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    I got tired of having my notes and drafts spread between all my devices, so I’m building a quick webapp/PWA (for offline capability) this weekend, with the usual note-taking functionality. Also, encryption, if I can manage it.

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      • MUD server
      • single-binary git repository server
      • IRC bouncer with a decent web / mobile client

      I’ve probably started all three of those (the latter two most often) at least a dozen times each, getting to various stages of completion before I decide to do something different. One day I’ll have something that’s usable…

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        MUD server

        I was about to say I think you may have just shown you age, and then I realized how incredibly presumptuous that was :) But it does seem like the idea of a MUD per se has gone the way of the dodo - now all the younger folks want to rewrite World of Warcraft :)

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          Not as much as you’d think. Particularly among the indie game development community, people get into text-based games with interactive fiction (twine, inform) and then try out MUDs and MUSHs.

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            Really? That is so cool! I thought the whole MUD idea was dead dead dead. I’m a dino from wayback :)

            Where are these folks publishing their work?

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            Maybe; the interesting thing is that while I don’t play any MUDs anymore, I’m still fairly active in the community for one of them. The MUD server idea is probably my least fleshed out hobby project.

            For me, it’s not really even about making one that’s useful but more about using it as a testing ground for different ideas. Procedural generation, proxy implementations, CQRS, event sourcing, entity component systems, natural language parsing. There’s a lot of opportunities to apply interesting tech.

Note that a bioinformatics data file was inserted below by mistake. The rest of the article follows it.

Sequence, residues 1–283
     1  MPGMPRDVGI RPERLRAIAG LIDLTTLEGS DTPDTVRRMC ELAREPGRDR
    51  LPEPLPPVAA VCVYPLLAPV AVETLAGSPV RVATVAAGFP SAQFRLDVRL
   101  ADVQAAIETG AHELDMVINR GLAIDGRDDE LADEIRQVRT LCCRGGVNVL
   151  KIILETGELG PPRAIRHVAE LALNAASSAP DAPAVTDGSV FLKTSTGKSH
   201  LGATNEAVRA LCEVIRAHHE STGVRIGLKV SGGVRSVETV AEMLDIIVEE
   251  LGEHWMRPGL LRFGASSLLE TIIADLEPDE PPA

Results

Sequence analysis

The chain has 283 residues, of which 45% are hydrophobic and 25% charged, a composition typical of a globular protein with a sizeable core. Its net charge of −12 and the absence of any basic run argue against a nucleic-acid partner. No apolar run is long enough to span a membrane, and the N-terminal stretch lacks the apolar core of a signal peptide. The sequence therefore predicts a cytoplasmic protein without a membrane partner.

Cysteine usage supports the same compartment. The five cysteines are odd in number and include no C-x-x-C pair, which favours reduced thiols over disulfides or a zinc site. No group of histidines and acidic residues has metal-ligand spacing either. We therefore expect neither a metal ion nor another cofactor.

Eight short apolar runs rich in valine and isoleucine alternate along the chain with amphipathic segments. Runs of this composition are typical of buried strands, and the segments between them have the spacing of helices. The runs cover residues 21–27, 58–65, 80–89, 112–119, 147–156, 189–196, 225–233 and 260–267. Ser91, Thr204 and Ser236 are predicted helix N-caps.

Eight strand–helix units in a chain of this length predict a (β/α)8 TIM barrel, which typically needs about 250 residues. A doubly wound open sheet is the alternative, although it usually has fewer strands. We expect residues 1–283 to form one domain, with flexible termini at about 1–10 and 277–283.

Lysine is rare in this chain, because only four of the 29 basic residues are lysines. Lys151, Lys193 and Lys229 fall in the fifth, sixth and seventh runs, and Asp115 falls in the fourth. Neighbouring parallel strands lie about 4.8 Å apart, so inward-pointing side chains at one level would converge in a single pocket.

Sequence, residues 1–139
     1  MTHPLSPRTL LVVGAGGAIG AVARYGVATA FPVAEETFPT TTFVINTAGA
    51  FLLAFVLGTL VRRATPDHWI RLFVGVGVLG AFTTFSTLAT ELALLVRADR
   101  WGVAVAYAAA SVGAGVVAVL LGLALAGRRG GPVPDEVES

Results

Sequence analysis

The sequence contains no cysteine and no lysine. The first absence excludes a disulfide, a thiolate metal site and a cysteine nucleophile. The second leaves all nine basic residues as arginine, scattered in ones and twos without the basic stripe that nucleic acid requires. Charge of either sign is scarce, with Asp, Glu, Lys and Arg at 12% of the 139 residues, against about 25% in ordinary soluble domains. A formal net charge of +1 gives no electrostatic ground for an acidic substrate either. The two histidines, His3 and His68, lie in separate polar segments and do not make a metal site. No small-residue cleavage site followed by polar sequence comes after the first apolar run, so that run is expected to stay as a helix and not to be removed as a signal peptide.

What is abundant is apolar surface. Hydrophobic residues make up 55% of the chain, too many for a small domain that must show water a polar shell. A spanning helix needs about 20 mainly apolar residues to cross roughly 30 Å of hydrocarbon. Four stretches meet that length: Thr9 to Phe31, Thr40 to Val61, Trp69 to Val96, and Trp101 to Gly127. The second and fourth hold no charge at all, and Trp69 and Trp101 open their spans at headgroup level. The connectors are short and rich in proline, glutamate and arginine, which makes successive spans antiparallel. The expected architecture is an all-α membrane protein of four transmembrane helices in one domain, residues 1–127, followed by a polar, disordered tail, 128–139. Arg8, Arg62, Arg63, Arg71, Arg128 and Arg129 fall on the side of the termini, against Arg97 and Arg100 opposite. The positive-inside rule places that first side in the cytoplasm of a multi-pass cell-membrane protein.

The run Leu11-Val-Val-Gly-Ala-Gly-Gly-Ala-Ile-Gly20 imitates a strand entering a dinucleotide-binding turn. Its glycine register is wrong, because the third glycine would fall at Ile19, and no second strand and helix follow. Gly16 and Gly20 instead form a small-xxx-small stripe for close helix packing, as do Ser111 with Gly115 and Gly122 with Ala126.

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              I’ve always found that to be true myself. I suppose what’s changed is that there used to be a huge mud USER community, and now they’re a springboard for creativity for developers.

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            I desire an IRC bouncer with a good mobile client very much.

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              Indeed. What I’ve floated around with lately is an IRC bouncer written in Go. Plugins via webassembly so they can be added/removed without recompiling. A decent web UI to configure it (maybe), plus a built-in web client and then mobile clients.

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                That sounds pretty neat. You should be able to do it all in Go using the built-in plugin system if you want to stick with one language and can run on Linux or macOS.

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                  My understanding is that the Go plugin implementation leaves a lot to be desired, but I can’t seem to find the articles I read about it in the first place. Granted, that was from awhile ago when the support was first launched.

                  Based on a cursory glance it doesn’t seem like pkg/plugin is very widely used.

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                  Plugins via webassembly so they can be added/removed without recompiling

                  Which Go package would you have in mind to presumably interpret/run the wasm blobs, or would you write one for that project, or depend on some external interpreter/runner?

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                    This one seems pretty well-done, but I haven’t actually played around with it yet: https://github.com/perlin-network/life

                    Another option may be to use the plugin framework built by hashicorp which uses protobufs rpc I believe, but I haven’t looked into it much.

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                  I’ve started using matrix.org/riot.im and irc bridges.